It was only a rod, a common, simple shepherd’s stick that Moses had picked up somewhere on the desert; a rod like any other rod. There was nothing uncommon about it; there was nothing especially noteworthy concerning it: it looked like a thousand other rods that any of many shepherds might have carried. “What is that in thine hand?” Moses could only reply, “A rod.”
In all sincerity he could not have said it was a scepter, for no authority had been invested in it by virtue of his carrying this shepherd’s stick. It was not a scepter, but only a rod.
Then, too, he could not say it was a wand—no magic powers were there in this thing that Moses carried in his hand. It was only a shepherd’s rod. Not a scepter; not a wand; just a rod, a simple stick.
But, oh, when yielded to God and consecrated to Him for service, that shepherd’s staff had all the power of omnipotence on it!
“Cast it on the ground, Moses.” “A serpent!” A writhing, wriggling, wretched snake! But it was only a rod!
“Put forth your hand and take it by the tail.” A rod again! What wonders are wrought with just a simple stick that is consecrated to a Holy God for His service!
Rahab had only a cord, a scarlet cord, but that cord, consecrated to God, became an instrument of deliverance. By faith Rahab let the spies down through her window to safety. By faith did she bind the cord in her window the very day God’s people marched around the city of Jericho seven times and the walls of the city fell to the ground and every household in Jericho was destroyed save the household of Rahab. What was that in Rahab’s hand? Only a cord! “By faith the harlot perished not with them that believed not when she had received the spies with peace.” (Hebs. 11:31)
Gideon, what is that in the hands of that motley band of 300 soldiers you’re sending out against the mighty hosts of Midianites? You say “a trumpet in each one’s hand? And, empty pitchers and lamps within the pitchers?” “Hardly what you’d expect to see in the hands of soldiers going forth to war, Gideon!”
What? No shields? No swords? No spears? Just trumpets? Empty pitchers? Lamps?
Yes, hardly conventional weapons of warfare even in Gideon’s day, but what he had in his hands was totally consecrated to the living God and thus those simple instruments were used by divine omnipotence and with them they were able to put to chase the Midianites who were like grasshoppers because of their great number, not to mention the thousand camels with which the Midianites would lead the charge!
And then there was Samson. Ah, Samson, what have you there in your hand? A new jawbone of an ass? And what do you propose to do with it? Chase away coyotes or scrape out a desert hollow wherein you may find some rest? Just what can a man do with the jawbone of an ass? You’re going to war with it? Ah, Samson, you’ve been working too hard lately! You are desperately in need of rest and possibly some competent counseling!
But wait! That very worthless piece of bone, held in the hands of a man of faith, consecrated to the living God, became an instrument of divine omnipotence, and with-it Samson slew a thousand Philistines!
I see on another occasion years later a small boy with something in his hands. “What is that in your hands, son? Just five loaves and a couple of fish?” Yes, but the Lord had need of them. Multitudes had heard His teaching all day long and he would not send them home hungry. “That’s right, son, just give them to the Lord.” And on that day, that which a school boy carried in his small hands, given to God, was used to feed 5,000 men and their families!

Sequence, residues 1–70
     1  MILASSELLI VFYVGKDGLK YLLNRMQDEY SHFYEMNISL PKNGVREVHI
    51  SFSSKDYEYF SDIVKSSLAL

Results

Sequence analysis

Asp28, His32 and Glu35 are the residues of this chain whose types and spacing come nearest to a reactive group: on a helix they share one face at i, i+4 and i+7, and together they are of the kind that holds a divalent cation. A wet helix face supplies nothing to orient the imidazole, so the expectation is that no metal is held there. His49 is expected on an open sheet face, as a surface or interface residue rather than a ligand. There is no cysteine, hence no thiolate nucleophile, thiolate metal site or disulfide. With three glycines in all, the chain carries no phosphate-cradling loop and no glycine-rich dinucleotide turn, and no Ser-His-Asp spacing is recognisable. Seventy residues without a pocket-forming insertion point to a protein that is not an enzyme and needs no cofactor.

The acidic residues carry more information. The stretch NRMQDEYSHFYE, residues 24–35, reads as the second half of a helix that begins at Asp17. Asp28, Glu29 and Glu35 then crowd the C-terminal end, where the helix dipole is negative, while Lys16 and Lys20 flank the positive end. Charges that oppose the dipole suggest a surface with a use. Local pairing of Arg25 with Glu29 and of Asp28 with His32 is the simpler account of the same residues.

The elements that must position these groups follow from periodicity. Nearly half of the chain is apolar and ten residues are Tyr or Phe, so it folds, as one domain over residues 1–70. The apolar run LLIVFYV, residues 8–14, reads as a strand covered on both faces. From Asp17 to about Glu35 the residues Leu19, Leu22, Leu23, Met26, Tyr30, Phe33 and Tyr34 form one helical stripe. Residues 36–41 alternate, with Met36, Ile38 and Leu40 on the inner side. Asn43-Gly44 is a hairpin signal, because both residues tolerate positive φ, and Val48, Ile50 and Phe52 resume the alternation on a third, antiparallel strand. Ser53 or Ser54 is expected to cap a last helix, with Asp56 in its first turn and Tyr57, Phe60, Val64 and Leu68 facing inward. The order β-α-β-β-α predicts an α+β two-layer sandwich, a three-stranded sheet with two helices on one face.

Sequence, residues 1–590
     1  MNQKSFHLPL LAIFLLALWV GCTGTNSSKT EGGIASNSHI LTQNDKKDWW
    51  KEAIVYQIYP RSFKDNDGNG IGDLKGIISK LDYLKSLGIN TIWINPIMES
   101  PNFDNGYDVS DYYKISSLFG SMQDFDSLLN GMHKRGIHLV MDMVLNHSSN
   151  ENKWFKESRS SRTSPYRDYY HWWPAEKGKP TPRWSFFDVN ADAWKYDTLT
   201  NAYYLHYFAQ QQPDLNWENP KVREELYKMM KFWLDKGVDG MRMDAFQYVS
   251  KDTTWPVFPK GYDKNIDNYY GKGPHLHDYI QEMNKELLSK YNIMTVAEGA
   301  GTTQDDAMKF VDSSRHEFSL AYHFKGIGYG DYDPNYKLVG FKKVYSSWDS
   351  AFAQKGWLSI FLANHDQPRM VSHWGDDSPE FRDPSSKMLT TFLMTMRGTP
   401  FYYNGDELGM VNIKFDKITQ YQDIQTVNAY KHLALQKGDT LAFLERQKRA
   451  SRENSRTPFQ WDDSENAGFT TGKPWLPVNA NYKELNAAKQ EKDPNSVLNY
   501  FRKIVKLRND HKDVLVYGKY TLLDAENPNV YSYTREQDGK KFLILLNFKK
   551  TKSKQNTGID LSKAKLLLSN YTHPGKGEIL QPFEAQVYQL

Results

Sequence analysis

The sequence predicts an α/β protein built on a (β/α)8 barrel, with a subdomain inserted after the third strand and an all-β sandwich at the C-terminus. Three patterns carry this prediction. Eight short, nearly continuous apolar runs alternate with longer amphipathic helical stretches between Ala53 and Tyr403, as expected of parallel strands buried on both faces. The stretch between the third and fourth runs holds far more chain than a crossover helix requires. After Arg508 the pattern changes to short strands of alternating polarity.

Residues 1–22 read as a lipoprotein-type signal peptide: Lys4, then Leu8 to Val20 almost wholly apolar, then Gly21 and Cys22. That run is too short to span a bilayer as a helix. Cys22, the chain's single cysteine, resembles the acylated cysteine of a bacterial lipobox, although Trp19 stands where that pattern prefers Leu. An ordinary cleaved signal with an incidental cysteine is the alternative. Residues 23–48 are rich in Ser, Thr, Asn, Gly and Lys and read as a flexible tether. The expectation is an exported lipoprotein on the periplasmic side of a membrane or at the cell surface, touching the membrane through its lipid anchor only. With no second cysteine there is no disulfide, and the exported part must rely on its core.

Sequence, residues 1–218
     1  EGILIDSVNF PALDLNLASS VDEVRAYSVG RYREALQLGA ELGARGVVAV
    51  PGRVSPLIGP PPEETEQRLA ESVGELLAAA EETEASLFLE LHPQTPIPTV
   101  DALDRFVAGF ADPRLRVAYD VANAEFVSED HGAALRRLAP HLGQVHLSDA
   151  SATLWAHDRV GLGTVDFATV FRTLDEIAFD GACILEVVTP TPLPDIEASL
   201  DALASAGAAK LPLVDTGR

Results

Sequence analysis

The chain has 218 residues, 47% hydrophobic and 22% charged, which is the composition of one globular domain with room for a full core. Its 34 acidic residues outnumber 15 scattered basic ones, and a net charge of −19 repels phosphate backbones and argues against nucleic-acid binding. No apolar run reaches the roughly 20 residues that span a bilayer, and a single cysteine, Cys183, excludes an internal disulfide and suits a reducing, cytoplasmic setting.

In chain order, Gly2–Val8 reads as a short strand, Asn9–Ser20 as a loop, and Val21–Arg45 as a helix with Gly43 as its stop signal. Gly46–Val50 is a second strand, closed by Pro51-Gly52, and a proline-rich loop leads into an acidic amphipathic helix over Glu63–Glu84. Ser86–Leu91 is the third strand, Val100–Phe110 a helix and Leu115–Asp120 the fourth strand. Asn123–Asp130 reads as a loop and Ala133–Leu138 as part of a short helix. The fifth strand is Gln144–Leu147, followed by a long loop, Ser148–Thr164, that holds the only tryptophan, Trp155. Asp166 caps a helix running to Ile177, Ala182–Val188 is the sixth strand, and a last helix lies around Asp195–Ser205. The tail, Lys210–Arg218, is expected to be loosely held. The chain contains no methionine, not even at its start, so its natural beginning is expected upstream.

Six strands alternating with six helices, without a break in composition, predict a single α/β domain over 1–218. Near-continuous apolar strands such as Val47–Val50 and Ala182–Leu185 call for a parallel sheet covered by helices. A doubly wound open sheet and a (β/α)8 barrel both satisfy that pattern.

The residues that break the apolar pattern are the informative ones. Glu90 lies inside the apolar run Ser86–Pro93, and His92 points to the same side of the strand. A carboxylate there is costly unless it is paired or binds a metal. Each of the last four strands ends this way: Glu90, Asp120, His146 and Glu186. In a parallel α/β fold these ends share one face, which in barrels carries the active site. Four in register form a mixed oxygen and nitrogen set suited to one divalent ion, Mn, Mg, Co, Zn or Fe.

I see six empty waterpots now. Only earthen vessels but empty at a wedding feast where there was nothing left with which to serve the guests. Yet, six empty waterpots, brought to the Master became the very source of satisfaction to all at the feast!
What’s that in your hand? What small, mundane, miniscule thing do you have that you could let God use in some mighty way? It does not really matter what it is: God can put omnipotent power into that consecrated thing and do through your dedication of it to Him what it never could have been used for otherwise!
So, back to Moses. “Moses, what’s that in your hand? Only a rod, a stick, a staff? Smite the waters of the Nile and watch them turn to blood; stretch forth the rod over the streams and rivers and watch frogs come forth up over the land. Stretch forth the rod again and smite the dust of the land so that every thing will be covered with lice. Stretch forth that shepherd staff and hail will fall from heaven upon every man and beast of Egypt. Again, stretch it forth and, behold, the Lord God will bring an east wind with locusts which will cover the face of the whole earth. Again, stretch forth the rod and darkness will cover the land of Egypt! Finally, Moses, take that rod that is in your hand and stretch it out before the Red Sea and stand back and see the salvation of the Lord as He parts the waters of the sea and makes the waters into walls and dries up the bed of the sea so that the Israelites can walk across the sea—all two million of them—on dry land! Watch, too, as you stretch the rod back out over the sea and look at the waters as they are brought back together making the bed of the sea a watery grave for Pharoah and his hosts!”
What’s that in your hand? A rod? A jawbone? A trumpet, lamp or pitcher? A few loaves and couple of fish? Some empty waterpots? Just a cord? Two small mites? Whatever you have consecrate it to God and let Him use it for His glory in a way that you could never have imagined. LITTLE IS MUCH WHEN GOD IS IN IT!
“Now therefore perform the doing of it; that as there was a readiness to will, so there may be a performance also out of that which ye have.
For if there be first a willing mind, it is accepted according to that a man hath, and not according to that he hath not.” (2 Cor. 8:11,12)